A cautionary tale: Riding the 71 bus and the death of Whitney Houston

11 Feb

This is a portion of the Seattle Times article, Whitney Houston, superstar of records, films, dies:

Houston’s publicist, Kristen Foster, said the cause of death was unknown.

Rosen said police received a 911 call from hotel security about Houston at 3:43 p.m. Saturday. Paramedics who were already at the hotel because of a Grammy party unsuccessfully tried to resuscitate the singer, he said.

Houston’s end came on the eve of music’s biggest night – the Grammy Awards. It’s a showcase where she once reigned, and her death was sure to cast a heavy pall on Sunday’s ceremony…

At her peak, Houston was the golden girl of the music industry. From the middle 1980s to the late 1990s, she was one of the world’s best-selling artists. She wowed audiences with effortless, powerful, and peerless vocals that were rooted in the black church but made palatable to the masses with a pop sheen….

But by the end of her career, Houston became a stunning cautionary tale of the toll of drug use. Her album sales plummeted and the hits stopped coming; her once serene image was shattered by a wild demeanor and bizarre public appearances. She confessed to abusing cocaine, marijuana and pills, and her once pristine voice became raspy and hoarse, unable to hit the high notes as she had during her prime.

“The biggest devil is me. I’m either my best friend or my worst enemy,” Houston told ABC’s Diane Sawyer in an infamous 2002 interview with then-husband Brown by her side.

It was a tragic fall for a superstar who was one of the top-selling artists in pop music history, with more than 55 million records sold in the United States alone.

She seemed to be born into greatness. She was the daughter of gospel singer Cissy Houston, the cousin of 1960s pop diva Dionne Warwick and the goddaughter of Aretha Franklin....http://seattletimes.nwsource.com/html/entertainment/2017485885_apusobitwhitneyhouston.html

The 71 bus was crowded, it usually is. The run is from downtown to the university district. I don’t know how many thousands attend the University of Washington, but they all seem to be riding the bus at the same time. It promised to be an uneventful trip from city center to the “district.”

I was at the end of a seat because my seatmate took over half the bench seat. But, I was happy to be sitting down and not be a strap hanger. I just wanted to close my eyes and think about nothing in particular. The gangly, black guy across from me, said “hey, did you know that Whitney Houston died?” I said that that was the first I had heard about her death. Then I asked, drugs? He said “yeh, probably, but nobody said nothing about it.” I said I wondered what causes people to start with drugs. He began to tell me his story.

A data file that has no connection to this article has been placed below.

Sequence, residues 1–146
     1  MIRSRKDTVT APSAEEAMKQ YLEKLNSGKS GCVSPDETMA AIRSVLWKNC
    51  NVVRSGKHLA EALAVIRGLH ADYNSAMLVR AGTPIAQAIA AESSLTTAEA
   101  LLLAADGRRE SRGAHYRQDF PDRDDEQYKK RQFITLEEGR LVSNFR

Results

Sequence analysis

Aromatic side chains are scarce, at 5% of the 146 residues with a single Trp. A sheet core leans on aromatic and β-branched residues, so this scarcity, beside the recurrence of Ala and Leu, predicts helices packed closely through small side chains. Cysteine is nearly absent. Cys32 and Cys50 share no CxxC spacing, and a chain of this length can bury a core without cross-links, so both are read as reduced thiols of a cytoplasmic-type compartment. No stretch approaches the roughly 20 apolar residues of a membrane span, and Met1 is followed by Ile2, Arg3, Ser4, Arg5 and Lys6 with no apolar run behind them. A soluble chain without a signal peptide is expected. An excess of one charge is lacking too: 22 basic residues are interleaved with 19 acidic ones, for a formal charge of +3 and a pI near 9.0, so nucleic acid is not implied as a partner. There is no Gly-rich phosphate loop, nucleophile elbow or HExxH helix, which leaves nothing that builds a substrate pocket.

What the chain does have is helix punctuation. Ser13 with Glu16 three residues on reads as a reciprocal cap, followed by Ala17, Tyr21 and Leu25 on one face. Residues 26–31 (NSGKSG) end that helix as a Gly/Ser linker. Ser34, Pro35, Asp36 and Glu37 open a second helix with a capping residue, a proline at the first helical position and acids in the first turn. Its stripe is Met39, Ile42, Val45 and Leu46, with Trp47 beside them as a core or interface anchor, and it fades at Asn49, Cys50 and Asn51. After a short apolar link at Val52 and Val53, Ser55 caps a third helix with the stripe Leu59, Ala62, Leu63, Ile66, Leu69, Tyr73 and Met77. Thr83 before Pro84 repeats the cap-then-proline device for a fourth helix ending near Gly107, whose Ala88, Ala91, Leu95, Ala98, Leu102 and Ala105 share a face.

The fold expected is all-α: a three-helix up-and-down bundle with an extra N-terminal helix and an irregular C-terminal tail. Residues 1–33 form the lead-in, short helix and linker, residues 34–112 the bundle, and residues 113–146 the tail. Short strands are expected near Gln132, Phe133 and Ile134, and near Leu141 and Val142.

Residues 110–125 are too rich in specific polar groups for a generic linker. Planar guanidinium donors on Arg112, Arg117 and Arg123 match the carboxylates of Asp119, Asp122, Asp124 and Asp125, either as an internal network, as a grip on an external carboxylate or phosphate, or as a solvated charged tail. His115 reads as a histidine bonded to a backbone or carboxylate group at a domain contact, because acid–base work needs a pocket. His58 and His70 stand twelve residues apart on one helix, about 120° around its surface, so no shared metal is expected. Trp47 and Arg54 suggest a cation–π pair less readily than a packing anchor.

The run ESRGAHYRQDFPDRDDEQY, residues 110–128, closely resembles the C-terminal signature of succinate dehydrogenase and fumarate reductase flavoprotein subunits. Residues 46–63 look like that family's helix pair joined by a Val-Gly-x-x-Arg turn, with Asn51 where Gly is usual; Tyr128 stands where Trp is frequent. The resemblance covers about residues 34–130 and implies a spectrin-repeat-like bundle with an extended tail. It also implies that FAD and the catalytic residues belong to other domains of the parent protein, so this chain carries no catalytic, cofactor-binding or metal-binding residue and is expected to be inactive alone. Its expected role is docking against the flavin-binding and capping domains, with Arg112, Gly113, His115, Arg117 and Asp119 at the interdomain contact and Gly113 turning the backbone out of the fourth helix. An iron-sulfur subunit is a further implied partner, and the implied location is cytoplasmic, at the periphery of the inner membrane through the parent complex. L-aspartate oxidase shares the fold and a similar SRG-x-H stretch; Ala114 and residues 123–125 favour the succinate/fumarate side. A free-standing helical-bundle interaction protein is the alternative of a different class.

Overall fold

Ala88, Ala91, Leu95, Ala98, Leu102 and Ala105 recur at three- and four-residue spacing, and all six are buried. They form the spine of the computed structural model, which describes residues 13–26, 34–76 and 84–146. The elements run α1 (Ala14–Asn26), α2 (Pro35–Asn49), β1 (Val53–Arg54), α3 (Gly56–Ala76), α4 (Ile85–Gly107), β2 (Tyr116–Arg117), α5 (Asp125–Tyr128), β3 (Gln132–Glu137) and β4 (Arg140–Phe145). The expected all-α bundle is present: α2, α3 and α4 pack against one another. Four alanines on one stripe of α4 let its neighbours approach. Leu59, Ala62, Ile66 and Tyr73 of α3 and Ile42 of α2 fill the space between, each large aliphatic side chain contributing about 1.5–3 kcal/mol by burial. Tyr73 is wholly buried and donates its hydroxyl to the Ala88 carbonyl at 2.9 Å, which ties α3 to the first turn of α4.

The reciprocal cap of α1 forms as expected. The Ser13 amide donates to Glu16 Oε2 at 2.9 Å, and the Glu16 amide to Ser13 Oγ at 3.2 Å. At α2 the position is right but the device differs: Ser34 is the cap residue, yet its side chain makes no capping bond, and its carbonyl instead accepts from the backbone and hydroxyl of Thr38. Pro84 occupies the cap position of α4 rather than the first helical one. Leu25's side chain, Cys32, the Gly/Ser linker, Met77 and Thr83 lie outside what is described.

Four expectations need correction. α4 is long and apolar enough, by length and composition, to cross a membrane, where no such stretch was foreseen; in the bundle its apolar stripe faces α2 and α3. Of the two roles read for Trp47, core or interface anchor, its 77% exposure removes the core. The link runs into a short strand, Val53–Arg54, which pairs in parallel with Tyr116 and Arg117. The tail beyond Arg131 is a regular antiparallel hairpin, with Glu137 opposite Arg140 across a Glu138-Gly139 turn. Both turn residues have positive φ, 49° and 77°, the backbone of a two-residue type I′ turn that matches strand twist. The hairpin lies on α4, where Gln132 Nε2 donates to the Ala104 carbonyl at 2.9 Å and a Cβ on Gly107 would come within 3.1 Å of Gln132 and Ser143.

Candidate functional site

At this point, I didn’t know his name or even why he began talking to me. He said that he had taken just about every drug imaginable and had even come back from the dead a couple of times. He once had a wife, children, and other family. He had made a lot of money in the fishing industry in Alaska in the 70’s. Proudly he told me about managing a team of over 75 and being respected for that. “That was something for a black man in the 70’s.” he said he made over $1400 per week back then. What happened, I said. “We were young, reckless, and we wanted to try everything because we thought nothing could touch us.” Eventually he was using heavily and began dealing to support his habit. Other members of his family including his wife were using as well.

He asked me if I worked for METRO, the local bus company. No, I said, I’m a writer. Why did you think I worked for METRO? “Because your jacket has the METRO colors.” I’m guessing he probably likes hitting on bus drivers. The conversation continued. How do you get out of the drug life, I asked. “You die, you relapse, you struggle.” He talked about his struggles. The fact that the AA he liked to attend because it was a small group folded and how hard it was for him to go to a bigger group of thirty or so. Why, I asked. “Because out of thirty folks, about ten of them will relapse and that is discouraging.” He is currently on methadone and his tests have been coming up clean. Now, “I just want to tell the truth, I just want a real life.”

His bus stop approached. I asked him if I could have his first name and whether it would be OK if I wrote about his story. “My name is Ron and I just might read your blog.”

I’m guessing, Ms. Houston never made it to the point where she just wanted to tell the truth.

Dr. Wilda says this about that ©

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